The Good The Acer Chromebook C720P has a good keyboard, an SD expansion slot, USB 2 and 3 ports, and HDMI, plus a touch screen. It also has more onboard storage (32GB) than most entry-level Chromebooks, and better battery life than most previous Chromebooks.
The Bad Low-end price is matched by its low-end feel. Chrome OS has natural limitations. Touch isn't always that useful in Chrome.
The Bottom Line The Acer Chromebook C720P manages to get better at all the key things, adding up to a little laptop alternative that's better than any budget Chromebook we've seen before.
King of the budget Chromebooks
To love a Chromebook, you have to understand that the idea of a "laptop" is changing. We're somewhere between tablet and PC now, phone-style speed computing and an older, more old-fashioned computer. Chrome OS -- Google's browser-based, all-cloud operating system -- tries to bridge the gap, and you get a laptop-style device that's really just a fully-featured super-browser with a keyboard, storage and Webcam attached.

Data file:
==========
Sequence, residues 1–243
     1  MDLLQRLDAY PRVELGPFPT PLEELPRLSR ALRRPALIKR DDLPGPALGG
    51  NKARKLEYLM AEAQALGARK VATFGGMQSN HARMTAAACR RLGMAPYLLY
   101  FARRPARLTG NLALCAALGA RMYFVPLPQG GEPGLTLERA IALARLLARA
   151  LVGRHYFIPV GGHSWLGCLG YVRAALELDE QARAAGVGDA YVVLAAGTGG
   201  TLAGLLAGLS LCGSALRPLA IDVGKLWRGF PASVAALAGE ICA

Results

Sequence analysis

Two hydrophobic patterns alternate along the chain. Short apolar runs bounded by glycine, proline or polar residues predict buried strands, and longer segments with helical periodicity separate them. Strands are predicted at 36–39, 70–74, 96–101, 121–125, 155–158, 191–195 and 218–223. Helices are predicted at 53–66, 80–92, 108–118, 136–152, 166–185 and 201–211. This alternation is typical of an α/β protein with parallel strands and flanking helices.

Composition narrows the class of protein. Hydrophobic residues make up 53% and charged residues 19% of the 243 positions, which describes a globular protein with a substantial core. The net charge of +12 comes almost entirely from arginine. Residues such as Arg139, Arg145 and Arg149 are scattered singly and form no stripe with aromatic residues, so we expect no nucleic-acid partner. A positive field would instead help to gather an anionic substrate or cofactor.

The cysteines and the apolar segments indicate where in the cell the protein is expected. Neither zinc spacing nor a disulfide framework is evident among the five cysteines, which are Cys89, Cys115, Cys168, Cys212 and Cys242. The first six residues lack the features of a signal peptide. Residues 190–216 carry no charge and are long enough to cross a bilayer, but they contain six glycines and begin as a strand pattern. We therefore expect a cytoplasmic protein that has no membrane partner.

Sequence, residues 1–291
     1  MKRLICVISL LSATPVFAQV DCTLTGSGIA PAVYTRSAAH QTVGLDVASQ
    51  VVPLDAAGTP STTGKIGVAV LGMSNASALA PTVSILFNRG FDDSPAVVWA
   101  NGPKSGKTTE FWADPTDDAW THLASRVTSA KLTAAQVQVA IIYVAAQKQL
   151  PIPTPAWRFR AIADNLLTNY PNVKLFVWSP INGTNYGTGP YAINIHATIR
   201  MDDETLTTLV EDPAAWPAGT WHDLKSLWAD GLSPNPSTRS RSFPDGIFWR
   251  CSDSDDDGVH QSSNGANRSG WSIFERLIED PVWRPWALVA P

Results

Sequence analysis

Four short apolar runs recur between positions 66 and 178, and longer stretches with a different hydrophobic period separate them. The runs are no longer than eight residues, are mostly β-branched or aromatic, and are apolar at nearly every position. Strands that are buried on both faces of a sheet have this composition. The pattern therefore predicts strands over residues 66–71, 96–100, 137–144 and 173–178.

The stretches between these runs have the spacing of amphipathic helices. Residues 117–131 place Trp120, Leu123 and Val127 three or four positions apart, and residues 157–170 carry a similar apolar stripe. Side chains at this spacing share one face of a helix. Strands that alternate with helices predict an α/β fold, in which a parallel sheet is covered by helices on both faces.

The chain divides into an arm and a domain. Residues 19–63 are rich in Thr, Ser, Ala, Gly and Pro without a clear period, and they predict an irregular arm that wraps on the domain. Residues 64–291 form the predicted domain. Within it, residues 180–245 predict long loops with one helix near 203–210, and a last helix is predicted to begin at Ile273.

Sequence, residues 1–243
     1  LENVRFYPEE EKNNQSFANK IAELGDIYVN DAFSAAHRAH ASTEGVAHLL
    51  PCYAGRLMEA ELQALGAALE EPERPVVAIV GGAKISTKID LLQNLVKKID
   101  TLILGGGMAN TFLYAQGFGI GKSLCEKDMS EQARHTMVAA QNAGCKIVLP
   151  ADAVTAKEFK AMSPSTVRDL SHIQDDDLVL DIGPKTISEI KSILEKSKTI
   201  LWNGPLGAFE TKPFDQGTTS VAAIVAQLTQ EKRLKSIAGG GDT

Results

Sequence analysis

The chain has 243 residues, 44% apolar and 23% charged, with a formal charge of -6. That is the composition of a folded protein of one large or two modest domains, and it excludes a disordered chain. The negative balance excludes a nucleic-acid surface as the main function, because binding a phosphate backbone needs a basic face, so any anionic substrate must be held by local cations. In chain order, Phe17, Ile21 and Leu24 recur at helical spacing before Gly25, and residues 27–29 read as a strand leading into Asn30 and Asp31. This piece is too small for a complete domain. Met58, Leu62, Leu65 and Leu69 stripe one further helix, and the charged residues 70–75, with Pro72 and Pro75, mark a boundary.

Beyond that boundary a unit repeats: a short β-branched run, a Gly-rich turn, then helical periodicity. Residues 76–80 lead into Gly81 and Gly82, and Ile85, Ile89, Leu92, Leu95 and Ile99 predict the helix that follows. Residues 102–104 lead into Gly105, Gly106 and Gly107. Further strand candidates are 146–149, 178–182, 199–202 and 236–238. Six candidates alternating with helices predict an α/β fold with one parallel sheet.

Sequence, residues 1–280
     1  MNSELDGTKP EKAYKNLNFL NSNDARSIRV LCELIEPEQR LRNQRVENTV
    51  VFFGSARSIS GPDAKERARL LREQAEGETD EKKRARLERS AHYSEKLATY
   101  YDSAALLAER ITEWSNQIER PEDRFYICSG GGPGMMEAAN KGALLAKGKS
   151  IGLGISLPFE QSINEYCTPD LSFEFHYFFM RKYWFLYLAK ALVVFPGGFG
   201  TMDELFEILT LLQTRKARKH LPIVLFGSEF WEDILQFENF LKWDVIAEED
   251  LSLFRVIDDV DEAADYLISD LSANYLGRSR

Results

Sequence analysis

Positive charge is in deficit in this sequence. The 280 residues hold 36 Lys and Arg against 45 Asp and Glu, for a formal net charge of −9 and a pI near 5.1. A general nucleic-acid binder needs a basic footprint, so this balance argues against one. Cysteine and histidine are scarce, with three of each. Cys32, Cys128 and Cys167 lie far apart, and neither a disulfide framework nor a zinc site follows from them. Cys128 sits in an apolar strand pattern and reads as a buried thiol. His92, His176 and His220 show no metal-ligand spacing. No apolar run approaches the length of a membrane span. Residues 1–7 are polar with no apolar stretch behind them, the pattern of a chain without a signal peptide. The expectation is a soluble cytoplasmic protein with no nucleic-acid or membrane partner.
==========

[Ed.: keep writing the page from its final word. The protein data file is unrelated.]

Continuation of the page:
But for some of you, that may well be enough -- especially if you're splitting time between a Chromebook and another device (a PC, a tablet, or a smartphone).
Chromebooks have limitations, but they also have advantages: speed, easy cloud set-up, and -- hopefully -- price. That's the key point with the Acer Chromebook C720P: it's $299, and comes with all the extras you'd hope for: USB, HDMI, 32GB of onboard storage (with an SD slot for additional expansion), and even a touch screen -- something that only exists elsewhere in the Chromebook universe in the $1,300 Chromebook Pixel.